But we weren't the only ones that day to have encountered problems. Each year thousands of people have issues, some have their names misspelt, genders wrongly recorded, pictures that don't resemble them, names in multiple lists and of course those bizarre incidents where proxy names of famous people pop up here and there and so do fancy names like Mr. X or Mrs. ABC. The regular petty, yet always amazingly humourous office gossip revealed some interesting stories. As per 'reliable sources', in a colony of buildings somewhere which is adjacent to L.B.S. Road, at midnight on the night before the day of the elections, one of the political parties (which is in power in a huge number of states in India) came and offered each building a certain sum of money, which after negotiations stood at Rs. 30,000, if everyone in the building voted in their favour, and early morning on the day of the elections another political party (which has been ruling the roost in Bombay for some time) came and doubled the offer. The smart building people accepted both the offers and went home with Rs. 90,000, that's about Rs. 2,500 per person! But who can believe that the political parties would go campaigning and throwing money, on days when they aren't allowed to peep out of their palatial offices built from scam money. Another raconteur stated that in another colony in Kandivali, when the residents went to vote at about 9 in the morning, they found out to their utter consternation that someone had created fake identity cards and voted for every single person in the colony at 7:30 in the morning! Now that is something! I don't think it would be possible without a motley crew of cunning crooks of the administration being hand in glove with those villains. Oh and about 15,000 cops who were out on election duty could not vote, because they were ensuring that others can vote. Did no one think of that before allotting them their duty? Seems like those who drew the plans haven't heard about a thing called shifts!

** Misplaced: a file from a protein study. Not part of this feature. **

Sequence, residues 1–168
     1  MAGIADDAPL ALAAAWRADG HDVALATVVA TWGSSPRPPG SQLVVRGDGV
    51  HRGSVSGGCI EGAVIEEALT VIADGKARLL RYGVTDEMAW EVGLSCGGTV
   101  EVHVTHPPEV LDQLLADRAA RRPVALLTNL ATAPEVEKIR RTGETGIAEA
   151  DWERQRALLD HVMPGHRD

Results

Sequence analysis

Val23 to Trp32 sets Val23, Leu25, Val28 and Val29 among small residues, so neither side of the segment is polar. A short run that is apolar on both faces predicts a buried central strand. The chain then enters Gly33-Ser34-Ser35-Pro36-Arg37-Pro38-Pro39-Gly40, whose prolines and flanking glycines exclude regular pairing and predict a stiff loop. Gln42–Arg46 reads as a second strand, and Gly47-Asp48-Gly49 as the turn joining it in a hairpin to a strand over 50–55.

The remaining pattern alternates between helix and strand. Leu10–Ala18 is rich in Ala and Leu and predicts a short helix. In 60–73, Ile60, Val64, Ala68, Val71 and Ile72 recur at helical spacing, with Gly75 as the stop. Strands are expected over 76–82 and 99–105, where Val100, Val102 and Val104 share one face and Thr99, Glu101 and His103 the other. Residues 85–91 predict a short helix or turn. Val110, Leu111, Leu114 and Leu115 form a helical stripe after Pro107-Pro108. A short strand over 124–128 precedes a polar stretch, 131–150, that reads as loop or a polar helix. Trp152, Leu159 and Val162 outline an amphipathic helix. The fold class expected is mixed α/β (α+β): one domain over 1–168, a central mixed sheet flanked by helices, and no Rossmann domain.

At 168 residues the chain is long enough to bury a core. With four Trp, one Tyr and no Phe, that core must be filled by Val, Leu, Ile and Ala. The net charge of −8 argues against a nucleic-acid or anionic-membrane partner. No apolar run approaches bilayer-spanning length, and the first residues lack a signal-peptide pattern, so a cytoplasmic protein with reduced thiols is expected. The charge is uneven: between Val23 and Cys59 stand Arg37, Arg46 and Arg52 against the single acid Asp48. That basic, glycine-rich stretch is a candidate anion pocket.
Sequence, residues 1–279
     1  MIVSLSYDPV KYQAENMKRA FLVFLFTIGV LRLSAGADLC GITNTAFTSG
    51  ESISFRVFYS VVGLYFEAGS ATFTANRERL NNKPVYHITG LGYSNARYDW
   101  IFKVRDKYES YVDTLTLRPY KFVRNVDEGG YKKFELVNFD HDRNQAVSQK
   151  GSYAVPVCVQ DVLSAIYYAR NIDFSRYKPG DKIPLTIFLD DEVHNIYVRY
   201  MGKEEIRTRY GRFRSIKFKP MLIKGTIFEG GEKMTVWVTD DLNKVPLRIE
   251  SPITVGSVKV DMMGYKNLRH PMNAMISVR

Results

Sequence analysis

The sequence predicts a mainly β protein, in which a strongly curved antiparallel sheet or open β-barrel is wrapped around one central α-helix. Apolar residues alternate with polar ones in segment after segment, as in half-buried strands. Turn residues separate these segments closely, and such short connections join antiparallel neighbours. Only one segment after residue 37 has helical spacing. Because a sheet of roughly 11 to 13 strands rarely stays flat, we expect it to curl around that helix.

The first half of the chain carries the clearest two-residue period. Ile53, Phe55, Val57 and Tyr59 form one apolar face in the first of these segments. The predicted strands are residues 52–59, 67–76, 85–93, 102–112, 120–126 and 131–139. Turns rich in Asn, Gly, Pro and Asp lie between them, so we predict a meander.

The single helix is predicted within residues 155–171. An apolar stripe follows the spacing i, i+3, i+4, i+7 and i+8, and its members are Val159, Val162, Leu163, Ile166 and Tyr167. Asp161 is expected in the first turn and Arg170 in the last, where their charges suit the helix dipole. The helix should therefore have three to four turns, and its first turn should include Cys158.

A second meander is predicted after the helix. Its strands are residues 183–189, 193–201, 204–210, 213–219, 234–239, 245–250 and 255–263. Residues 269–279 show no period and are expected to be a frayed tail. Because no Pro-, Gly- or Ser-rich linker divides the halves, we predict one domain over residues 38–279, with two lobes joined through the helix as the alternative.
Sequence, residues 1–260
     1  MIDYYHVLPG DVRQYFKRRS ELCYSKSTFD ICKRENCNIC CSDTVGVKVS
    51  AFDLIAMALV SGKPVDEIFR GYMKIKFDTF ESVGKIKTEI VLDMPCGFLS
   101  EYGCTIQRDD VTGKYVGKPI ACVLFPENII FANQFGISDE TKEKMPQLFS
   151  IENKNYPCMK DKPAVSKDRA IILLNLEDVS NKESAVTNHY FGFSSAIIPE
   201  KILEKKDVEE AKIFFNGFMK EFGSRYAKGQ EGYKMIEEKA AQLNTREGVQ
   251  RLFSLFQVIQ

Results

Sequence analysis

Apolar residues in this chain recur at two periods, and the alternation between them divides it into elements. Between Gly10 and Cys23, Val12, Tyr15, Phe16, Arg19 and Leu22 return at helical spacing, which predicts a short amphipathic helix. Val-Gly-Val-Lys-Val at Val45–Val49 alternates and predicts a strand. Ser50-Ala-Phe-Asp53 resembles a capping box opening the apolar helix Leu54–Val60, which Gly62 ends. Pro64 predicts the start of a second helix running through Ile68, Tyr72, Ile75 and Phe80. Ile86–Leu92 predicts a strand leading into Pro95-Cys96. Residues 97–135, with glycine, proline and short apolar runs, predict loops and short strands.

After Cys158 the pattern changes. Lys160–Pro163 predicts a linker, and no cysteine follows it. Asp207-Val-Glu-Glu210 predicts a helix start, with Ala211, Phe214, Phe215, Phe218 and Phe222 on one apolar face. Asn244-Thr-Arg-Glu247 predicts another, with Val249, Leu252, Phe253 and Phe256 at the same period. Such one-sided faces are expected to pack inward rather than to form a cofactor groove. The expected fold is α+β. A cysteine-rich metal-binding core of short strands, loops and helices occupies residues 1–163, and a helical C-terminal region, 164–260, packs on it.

Why is it that the average honest guy is always the one who is taken for a ride? Why don't people care any more? Most of the people I know did not cast their vote; and the reason nearly every single one of them gave - What difference is my vote going to make? If everyone thinks like that, then we've had it. And every vote does count, there have been cases where the winner in a constituency won by just a handful of votes. The turnout in the elections was a dismal 46%, which today's newspapers said the corporation revised to 50%, owing largely to repetition of names and non-deletion of names of citizens who have moved or passed away. Contrary to common beliefs and expectations, it was the lowest in areas with the best literacy rates and areas where the most affluent people lived, and the highest in the slums and other backward areas. If you come to think of it, it sort of makes sense because these well to do people have not much to ask for from politicians; they do not care which loser wins the election, for it wouldn't change their lives one bit, while the poor are fighting every second of their despondent lives for basic necessities and turn to such politicians for that, so for them the right candidate matters more than anything else. We do take a lot for granted, don't we?

Maybe voting should be made a compulsory activity, inviting a penalty on every able voter who does not vote, like it is in countries like Australia, Brazil and Argentina, among others. Or it would probably help if voting was held over a period of time rather than a single day, to enable people who are unable to vote on that day due to things beyond their control and are tied up with things like falling ill or being out of town or any other unavoidable circumstance. Hope the government does something to encourage and motivate people to vote, but more than anything else, people themselves realise the importance of their vote and come out in hordes to exercise their most important right as well as duty, without waiting for another 26 July or 26 November to awaken from their slumber,  and play their part as compliant civilised caring citizens.